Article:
Successes in cybercrime fight highlighted in SOCA report

Filed Under: Law & order

Last week the UK's SOCA (Serious Organised Crime Agency) published its annual report examining its last year's worth of operations, tackling everything from international trade in Class A drugs to those behind "letters from Nigeria" and other fraudulent scams.

SOCA report

The report includes a number of brief case studies about successes that SOCA has had in the last year. E-Crime, of course, is only a small part of what SOCA does, but the report does highlight their success in thwarting the UK's largest ever attempted bank theft, where a gang secretly recorded usernames and passwords from the employees of the Sumitomo Matsui bank in London. If the heist had been successful, the criminals could have stolen £229 million.

In addition, the UK assisted the FBI in an undercover operation against the DarkMarket underground internet forum, where thousands of identify thieves, hackers and identity thieves had been selling information to each other.

FBI agent J Keith Mularski recently spoke about how he spent two years infiltrating the group, using the online handle "Master Splynter", and ultimately ended up running the group's servers from his office.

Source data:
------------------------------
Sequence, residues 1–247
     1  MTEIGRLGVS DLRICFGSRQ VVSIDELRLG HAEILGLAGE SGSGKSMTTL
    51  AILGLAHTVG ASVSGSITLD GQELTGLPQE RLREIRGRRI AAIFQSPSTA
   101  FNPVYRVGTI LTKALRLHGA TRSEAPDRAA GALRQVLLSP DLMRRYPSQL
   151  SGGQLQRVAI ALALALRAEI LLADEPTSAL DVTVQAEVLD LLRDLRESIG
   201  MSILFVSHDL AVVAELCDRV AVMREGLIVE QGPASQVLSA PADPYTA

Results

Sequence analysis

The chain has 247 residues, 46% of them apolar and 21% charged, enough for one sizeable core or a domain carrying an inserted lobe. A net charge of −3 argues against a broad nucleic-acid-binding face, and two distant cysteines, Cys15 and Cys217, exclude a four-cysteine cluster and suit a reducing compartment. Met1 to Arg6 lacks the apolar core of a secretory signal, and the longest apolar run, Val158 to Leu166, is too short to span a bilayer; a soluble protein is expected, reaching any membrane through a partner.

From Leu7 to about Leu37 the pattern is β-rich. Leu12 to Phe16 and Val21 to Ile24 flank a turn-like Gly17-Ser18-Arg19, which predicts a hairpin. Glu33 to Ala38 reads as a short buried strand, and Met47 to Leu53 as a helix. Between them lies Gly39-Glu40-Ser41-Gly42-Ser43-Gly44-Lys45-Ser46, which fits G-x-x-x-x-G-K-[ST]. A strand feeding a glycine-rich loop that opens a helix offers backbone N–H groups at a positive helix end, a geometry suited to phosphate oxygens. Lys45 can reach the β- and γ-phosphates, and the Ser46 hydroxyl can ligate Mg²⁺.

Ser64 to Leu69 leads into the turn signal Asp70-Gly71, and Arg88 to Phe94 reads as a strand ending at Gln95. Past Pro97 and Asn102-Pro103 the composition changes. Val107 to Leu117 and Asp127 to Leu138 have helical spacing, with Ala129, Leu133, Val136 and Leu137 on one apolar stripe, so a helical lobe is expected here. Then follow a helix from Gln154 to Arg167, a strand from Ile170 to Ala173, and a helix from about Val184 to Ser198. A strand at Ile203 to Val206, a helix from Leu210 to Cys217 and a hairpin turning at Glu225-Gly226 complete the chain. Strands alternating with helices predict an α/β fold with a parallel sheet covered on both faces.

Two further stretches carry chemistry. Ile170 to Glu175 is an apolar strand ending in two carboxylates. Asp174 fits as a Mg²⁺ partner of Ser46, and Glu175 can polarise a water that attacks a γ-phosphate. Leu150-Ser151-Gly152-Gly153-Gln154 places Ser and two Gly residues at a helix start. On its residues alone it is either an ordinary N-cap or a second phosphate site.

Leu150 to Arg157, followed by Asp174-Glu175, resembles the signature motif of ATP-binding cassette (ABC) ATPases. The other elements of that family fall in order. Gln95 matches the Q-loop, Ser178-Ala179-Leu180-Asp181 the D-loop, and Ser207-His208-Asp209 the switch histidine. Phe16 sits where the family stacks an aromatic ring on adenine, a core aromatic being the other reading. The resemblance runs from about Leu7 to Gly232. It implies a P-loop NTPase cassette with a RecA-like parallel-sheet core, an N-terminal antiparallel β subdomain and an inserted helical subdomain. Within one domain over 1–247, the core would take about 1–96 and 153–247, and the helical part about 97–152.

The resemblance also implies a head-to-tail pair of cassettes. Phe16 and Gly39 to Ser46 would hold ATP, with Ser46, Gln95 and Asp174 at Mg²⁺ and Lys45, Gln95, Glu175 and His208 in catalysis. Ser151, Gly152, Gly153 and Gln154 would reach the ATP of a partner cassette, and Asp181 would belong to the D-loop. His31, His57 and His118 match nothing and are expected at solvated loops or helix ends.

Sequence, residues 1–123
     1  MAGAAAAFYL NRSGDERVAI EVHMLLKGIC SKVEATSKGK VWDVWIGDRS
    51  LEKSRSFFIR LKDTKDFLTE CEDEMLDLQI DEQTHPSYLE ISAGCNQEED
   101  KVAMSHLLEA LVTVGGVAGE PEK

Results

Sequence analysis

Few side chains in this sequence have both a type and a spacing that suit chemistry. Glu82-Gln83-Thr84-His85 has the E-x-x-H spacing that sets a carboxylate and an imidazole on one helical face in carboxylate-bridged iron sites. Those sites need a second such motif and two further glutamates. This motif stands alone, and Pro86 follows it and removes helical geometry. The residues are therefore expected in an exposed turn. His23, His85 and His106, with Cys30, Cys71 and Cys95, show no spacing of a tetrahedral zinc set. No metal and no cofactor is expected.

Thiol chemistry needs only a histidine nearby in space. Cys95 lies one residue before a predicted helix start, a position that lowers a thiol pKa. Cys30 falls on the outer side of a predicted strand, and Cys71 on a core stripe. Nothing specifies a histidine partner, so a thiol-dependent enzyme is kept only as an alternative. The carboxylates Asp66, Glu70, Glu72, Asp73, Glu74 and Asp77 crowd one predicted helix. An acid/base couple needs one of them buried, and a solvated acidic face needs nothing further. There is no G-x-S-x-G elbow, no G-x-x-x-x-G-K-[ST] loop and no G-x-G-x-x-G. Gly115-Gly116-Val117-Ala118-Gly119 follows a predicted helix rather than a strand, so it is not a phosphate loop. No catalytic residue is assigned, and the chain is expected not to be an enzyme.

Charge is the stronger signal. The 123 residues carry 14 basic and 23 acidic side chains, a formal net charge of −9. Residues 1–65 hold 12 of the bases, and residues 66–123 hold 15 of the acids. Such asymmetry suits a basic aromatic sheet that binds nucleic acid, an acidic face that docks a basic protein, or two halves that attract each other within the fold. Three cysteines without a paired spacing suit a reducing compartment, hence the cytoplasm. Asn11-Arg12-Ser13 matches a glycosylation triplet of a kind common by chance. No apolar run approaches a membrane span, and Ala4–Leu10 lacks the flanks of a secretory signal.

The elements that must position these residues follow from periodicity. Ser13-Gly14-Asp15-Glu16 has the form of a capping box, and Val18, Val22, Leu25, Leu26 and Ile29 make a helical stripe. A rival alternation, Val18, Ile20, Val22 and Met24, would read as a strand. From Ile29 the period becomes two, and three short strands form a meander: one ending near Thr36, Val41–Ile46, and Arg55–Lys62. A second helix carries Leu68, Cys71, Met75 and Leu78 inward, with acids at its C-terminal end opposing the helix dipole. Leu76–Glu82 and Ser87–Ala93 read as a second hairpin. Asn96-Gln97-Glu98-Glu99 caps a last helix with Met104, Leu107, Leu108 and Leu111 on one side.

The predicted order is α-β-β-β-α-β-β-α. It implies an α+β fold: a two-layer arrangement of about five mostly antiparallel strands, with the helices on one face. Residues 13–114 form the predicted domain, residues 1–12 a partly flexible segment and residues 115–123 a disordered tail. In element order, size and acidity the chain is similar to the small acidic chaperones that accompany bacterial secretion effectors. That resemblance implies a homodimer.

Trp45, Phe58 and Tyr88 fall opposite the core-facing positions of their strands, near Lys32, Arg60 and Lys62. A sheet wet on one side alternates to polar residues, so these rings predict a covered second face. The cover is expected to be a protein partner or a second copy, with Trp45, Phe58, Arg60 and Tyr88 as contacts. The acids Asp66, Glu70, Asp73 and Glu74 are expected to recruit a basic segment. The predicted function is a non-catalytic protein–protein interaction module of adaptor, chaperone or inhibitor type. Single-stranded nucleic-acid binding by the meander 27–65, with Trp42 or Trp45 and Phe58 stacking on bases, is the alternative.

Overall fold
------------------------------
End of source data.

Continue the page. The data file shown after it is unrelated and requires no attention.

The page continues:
To date, 60 people have been arrested in connection with the DarkMarket operation - including 12 in the UK. One of those men, Adewale "fredbb" Taiwo, was arrested by Humberside Police and sentenced to five years in prison after admitting causing £600,000 of fraud.

You can download the full report (in PDF format) from SOCA's website. There's probably not as much in there about cybercrime as many readers of the Clu-blog would like, but it gives you a good feel for the wide scope of crime that falls under SOCA's wing.

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About the author

Graham Cluley runs his own award-winning computer security blog, and is a veteran of the anti-virus industry having worked for a number of security companies since the early 1990s. Now an independent security analyst, he regularly makes media appearances and gives computer security presentations. Send Graham an email, subscribe to his updates on Facebook, follow him on Twitter and App.net, and circle him on Google Plus for regular updates.